• Agricultural soil properties and crop production on Lithuanian sandy and loamy Cambisols after the application of calcareous sapropel fertilizer

      Bakšienė, Eugenija; Fullen, Michael A.; Booth, Colin A. (Taylor & Francis, 2006)
      Lake-derived organic-rich mud (sapropel) is used as a soil fertilizer on sandy loam Haplic Luvisols in Lithuania. Various application rates (50, 100, 150 and 200 t ha-1) were applied to crop rotations (maize, barley, clover, winter rye, potatoes and oats) and their subsequent long-term influences on soil physico-chemical properties and crop production determined. Soil agrochemical properties were evaluated before (1984 – 1985) and after the end of the first (1989 – 1990), second (1995 – 1996) and third (2001 – 2002) crop rotations from seven treatments with four replications. In most cases, after each crop rotation, there were notable increases in pH, total absorbed bases, total nitrogen content, available phosphorus and potassium and soil organic matter content (humus). After three rotations, changes in soil acidity, total nitrogen and humus on all sapropel treatments were significant (p < 0.05), but effects on phosphorus and potassium were not significant. In comparison, for most treatments, manure produced greater improvements in soil properties than sapropel. However, after 18 years of application, sapropel did improve crop productivity almost to the level achieved by applications of manure and fertilizers. Therefore, results demonstrate there are long-term benefits of sapropel applications, namely improvements in soil properties and crop productivity.
    • Agro-environmental lessons from the 'sustainable highland agriculture in South-East Asia' (SHASEA) project

      Fullen, Michael A.; Booth, Colin A.; Panomtaranichagul, Mattiga; Subedi, Madhu; Li, Yongmei (Taylor & Francis, 2011)
      To promote sustainable agro-environmental development in the highlands of South-East Asia, an international multidisciplinary research team examined the effectiveness of selected agronomic and soil conservation treatments (both modified and novel cropping practises) using farmer-managed runoff plots. The study sites were located in the highlands of Yunnan Province (Wang Jia Catchment), China and Mae Honson Province (Pang Mapa District), Northern Thailand. Project lessons relating to co-operation, research partnerships, time horizons, multidisciplinarity, income generation, information dissemination and education are discussed.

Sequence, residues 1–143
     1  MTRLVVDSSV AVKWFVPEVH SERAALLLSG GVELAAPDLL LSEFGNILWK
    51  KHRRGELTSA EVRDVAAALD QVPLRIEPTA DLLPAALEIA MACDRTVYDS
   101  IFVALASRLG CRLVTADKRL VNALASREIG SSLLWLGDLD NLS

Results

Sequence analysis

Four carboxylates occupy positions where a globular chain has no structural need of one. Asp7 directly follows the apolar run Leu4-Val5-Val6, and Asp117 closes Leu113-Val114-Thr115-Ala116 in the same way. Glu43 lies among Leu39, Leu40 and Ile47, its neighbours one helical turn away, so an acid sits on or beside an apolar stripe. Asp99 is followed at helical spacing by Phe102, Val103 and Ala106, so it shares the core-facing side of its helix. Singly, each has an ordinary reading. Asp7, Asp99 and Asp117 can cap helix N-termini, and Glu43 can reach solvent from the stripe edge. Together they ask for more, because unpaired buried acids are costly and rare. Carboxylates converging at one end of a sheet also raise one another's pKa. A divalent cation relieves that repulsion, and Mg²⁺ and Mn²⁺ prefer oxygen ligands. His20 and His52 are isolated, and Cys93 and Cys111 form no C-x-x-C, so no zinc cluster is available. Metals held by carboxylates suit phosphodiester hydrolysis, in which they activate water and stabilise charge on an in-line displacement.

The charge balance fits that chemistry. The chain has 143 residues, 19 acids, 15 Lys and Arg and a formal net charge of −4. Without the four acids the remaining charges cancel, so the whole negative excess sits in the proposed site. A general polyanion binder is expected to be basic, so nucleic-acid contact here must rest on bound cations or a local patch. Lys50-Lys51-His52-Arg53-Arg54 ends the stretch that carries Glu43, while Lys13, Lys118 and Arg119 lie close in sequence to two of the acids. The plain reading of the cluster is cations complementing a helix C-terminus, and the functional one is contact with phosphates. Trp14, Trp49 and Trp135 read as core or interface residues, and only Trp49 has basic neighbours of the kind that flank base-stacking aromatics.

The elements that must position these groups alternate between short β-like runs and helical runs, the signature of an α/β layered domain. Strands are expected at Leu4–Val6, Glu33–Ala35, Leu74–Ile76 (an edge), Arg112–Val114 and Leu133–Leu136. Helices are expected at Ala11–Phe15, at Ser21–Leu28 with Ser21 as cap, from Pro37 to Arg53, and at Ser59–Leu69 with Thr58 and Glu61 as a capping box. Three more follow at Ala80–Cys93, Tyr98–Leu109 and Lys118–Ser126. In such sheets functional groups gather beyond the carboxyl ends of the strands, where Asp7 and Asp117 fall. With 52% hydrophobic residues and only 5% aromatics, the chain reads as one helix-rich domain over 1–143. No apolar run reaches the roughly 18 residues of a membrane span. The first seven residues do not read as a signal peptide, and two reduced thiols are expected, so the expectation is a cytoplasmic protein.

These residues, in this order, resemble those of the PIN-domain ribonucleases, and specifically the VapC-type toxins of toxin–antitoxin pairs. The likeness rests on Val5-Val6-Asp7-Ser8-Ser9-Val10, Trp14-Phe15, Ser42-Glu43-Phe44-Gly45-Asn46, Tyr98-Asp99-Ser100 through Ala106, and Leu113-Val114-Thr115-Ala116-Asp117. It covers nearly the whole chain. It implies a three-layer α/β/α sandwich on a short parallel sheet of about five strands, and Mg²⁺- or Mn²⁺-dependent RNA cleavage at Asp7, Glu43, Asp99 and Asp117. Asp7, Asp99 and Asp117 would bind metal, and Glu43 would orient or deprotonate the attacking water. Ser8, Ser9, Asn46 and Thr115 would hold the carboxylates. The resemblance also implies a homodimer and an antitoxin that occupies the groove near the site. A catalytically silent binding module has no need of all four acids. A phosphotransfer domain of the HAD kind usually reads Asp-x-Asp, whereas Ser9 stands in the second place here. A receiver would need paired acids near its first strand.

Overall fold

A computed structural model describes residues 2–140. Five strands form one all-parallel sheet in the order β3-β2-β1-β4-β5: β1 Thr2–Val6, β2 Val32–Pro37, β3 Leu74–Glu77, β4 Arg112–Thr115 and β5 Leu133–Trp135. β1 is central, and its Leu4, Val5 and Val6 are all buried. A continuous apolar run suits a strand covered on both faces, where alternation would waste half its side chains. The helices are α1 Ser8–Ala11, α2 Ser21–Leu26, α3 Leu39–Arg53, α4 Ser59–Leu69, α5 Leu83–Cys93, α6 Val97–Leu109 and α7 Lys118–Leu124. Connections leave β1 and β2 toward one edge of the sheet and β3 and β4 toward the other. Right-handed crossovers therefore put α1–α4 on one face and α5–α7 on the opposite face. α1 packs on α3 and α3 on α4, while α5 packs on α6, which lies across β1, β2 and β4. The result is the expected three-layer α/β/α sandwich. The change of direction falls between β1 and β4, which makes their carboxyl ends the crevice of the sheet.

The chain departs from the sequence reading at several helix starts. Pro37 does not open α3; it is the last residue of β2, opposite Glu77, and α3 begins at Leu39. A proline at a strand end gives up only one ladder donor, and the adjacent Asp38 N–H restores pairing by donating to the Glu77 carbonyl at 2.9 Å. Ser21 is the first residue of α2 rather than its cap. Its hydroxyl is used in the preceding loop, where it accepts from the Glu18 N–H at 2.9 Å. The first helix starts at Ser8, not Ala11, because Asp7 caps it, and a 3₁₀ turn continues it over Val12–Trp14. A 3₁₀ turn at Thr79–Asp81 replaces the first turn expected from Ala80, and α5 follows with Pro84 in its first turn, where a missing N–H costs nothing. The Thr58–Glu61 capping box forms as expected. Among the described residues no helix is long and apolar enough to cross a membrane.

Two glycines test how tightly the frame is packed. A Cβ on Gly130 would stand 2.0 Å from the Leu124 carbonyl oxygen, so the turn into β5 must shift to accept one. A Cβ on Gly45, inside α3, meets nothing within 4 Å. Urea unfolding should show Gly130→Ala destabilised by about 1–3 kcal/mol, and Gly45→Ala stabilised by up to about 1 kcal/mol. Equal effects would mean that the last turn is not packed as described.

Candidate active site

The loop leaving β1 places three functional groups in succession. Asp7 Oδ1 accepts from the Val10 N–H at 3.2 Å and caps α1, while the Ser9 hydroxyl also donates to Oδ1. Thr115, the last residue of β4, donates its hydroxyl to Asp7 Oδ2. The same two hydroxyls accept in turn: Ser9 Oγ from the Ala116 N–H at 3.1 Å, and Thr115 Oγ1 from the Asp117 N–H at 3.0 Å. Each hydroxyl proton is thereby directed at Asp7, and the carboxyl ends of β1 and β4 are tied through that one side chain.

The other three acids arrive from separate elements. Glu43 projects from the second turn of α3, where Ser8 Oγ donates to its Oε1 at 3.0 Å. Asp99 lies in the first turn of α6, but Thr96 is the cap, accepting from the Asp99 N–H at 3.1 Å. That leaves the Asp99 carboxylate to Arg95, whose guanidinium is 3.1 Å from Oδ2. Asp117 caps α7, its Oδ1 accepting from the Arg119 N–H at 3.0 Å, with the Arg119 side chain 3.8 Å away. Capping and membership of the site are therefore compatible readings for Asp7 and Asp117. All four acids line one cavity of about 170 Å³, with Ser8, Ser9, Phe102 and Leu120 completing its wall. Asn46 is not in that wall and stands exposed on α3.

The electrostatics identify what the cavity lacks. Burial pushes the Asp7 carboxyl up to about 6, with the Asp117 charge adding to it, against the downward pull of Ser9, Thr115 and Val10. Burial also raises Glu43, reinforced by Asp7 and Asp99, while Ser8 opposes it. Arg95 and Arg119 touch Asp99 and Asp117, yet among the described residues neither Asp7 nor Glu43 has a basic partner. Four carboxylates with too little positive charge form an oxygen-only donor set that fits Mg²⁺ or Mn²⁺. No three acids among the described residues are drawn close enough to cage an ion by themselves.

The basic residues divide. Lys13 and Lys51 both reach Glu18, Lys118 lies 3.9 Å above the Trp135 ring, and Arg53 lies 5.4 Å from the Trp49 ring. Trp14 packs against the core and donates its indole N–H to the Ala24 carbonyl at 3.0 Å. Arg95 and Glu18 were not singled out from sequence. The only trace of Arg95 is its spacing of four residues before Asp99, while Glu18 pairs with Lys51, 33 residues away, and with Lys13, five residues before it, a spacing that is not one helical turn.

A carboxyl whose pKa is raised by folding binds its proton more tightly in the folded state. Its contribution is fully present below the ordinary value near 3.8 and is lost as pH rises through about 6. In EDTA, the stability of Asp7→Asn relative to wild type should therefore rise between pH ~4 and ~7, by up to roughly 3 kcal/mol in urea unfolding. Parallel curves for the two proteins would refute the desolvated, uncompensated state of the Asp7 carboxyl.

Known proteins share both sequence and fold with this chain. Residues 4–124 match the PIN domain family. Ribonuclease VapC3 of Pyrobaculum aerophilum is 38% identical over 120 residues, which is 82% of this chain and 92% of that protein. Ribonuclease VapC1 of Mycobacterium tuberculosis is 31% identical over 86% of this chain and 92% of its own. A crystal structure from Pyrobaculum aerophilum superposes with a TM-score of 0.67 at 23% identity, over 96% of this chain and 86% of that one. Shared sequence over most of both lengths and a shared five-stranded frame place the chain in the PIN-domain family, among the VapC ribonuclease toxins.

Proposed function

• Agro-environmental project duration and effectiveness in South-east Asia

      Subedi, Madhu; Fullen, Michael A.; Hocking, Trevor J.; McCrea, Alison R.; Milne, Eleanor (IP Publishing, 2010)
      Considerable emphasis has been placed on developing technologies for agricultural sustainability. Many bilateral projects are working to achieve this outcome. A desk review was conducted to study the importance of project duration for the effectiveness of sustainable agricultural projects. Longer-duration projects were successful in addressing more holistic issues than short projects. However, funding agencies tend to fund shorter-duration projects, so projects become progressively shorter. At the same time, the number of projects implemented each year is increasing. Despite the decrease in total development assistance, increases in project numbers, particularly since 1986, appear to be at the cost of project duration. Short project duration was one of the most cited reasons for not completing essential dissemination activities for wider adoption, whereas longer- duration projects were usually considered more successful in addressing more holistic issues. It is difficult to produce tangible outputs from agricultural and soil conservation projects within five years. Considering the slow changes in the system and in agricultural and environmental sustainability, the authors suggest that project developers should be advised to plan for a minimum of 5–10 years, depending on the nature of activities. It is time for funding agencies to reconsider their tendency to fund shorter-duration projects.